“You have shown such bravery in leaving your homeland and all you know to come to the UK. Please know that you have my support and respect. I do hope you receive all you need to make a fulfilling life here with friends and family – and that I may be included in that number. You will never be alone.” Julie’s message of support

“Hello! I came to Oxford 83 years ago, a refugee from Nazi Germany- quite as terrible as Afghanistan, Syria, Iraq, etc. today. Here’s wishing you peace and prosperity in Oxford.” Irene’s message of support

On Valentine’s Day 2022, Asylum Welcome launched their Have Heart, Take Heart exhibition in Central Oxford. The exhibition can be visited at the Community Works (21 Park End St) and displays Oxford locals’ handwritten messages of solidarity towards asylum seekers. Through these messages of welcome, residents of Oxfordshire say ‘not in our name’ to the government’s plans to raise the drawbridge on asylum seekers arriving in the UK.

Have Heart, Take Heart is part of the national campaign organised by Together With Refugees, a coalition of over 300 organisations across the UK who have joined forces to oppose the government’s dangerous plans to withdraw support from some of the world’s most vulnerable people. Unless MPs take immediate action, those who arrive in the UK through unsafe routes will no longer be entitled to full refugee status, they will have no right to family reunification, and they may be removed to reception centres in Rwanda.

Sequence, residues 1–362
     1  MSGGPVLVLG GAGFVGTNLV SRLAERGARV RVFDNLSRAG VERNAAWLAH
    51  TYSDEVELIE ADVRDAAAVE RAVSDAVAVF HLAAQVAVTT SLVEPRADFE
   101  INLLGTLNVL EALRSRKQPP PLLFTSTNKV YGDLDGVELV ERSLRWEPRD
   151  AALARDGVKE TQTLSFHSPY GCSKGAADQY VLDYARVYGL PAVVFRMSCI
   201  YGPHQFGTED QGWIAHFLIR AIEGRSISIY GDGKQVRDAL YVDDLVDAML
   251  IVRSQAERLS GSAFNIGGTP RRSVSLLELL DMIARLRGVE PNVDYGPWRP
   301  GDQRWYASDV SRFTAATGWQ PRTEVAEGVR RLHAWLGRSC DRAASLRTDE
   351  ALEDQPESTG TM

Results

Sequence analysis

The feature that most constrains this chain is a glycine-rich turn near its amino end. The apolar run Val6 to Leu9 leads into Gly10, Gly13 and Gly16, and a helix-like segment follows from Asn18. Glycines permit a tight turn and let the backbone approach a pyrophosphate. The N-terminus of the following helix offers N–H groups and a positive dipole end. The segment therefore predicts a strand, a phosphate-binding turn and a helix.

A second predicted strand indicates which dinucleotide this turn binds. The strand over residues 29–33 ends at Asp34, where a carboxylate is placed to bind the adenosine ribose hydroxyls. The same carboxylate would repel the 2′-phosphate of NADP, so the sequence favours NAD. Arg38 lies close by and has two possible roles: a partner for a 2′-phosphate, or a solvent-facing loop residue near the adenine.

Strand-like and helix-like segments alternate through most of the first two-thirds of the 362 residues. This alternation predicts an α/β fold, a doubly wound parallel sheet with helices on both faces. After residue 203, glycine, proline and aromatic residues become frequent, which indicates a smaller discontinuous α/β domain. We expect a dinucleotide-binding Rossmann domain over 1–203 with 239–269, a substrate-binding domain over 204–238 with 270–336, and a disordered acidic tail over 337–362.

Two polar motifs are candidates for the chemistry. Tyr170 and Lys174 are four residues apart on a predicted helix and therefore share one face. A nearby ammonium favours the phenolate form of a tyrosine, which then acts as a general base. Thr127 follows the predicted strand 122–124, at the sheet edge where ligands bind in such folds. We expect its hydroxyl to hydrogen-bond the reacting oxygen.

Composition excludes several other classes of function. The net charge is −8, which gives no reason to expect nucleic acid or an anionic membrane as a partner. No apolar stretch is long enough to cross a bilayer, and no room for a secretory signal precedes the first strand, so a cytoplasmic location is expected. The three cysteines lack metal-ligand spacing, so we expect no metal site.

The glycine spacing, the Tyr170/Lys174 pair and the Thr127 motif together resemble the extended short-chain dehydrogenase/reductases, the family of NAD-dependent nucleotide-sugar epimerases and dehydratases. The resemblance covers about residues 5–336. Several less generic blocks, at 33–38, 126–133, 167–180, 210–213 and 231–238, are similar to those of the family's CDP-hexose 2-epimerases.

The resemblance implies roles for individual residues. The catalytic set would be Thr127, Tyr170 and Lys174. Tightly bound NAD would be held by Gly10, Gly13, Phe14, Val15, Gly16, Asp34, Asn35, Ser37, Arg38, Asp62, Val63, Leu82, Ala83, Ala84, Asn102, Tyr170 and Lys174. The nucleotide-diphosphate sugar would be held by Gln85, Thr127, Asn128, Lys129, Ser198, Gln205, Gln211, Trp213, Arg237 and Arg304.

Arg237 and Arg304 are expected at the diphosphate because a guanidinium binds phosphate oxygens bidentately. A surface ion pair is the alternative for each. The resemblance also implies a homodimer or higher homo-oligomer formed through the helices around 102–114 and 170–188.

The 300 messages of welcome and support from people of all ages and backgrounds which make up Have Heart, Take Heart say that this is not what we want. Have Heart, Take Heart sends a powerful message that we refuse to turn our backs on refugees. Rather, we ask the government to introduce new safe and legal routes for persecuted people to come to the UK.

The orange heart is symbolic of compassion for those who have been persecuted and displaced from their country. It takes its colour from the Refugee Nation Flag designed by Syrian refugee, Yara Said, prior to the 2016 Olympic Games. Inspired by the colour of the life-vests commonly worn by refugees on their journeys, Yara Said redefined the colour previously associated with fear and hardship to one of solidarity and empathy.

It is not too late to write your own message of solidarity to show refugees and asylum seekers that they are not alone, and that the Borders Bill is not being passed in your name.

By Sarah Akande, Magdalen College School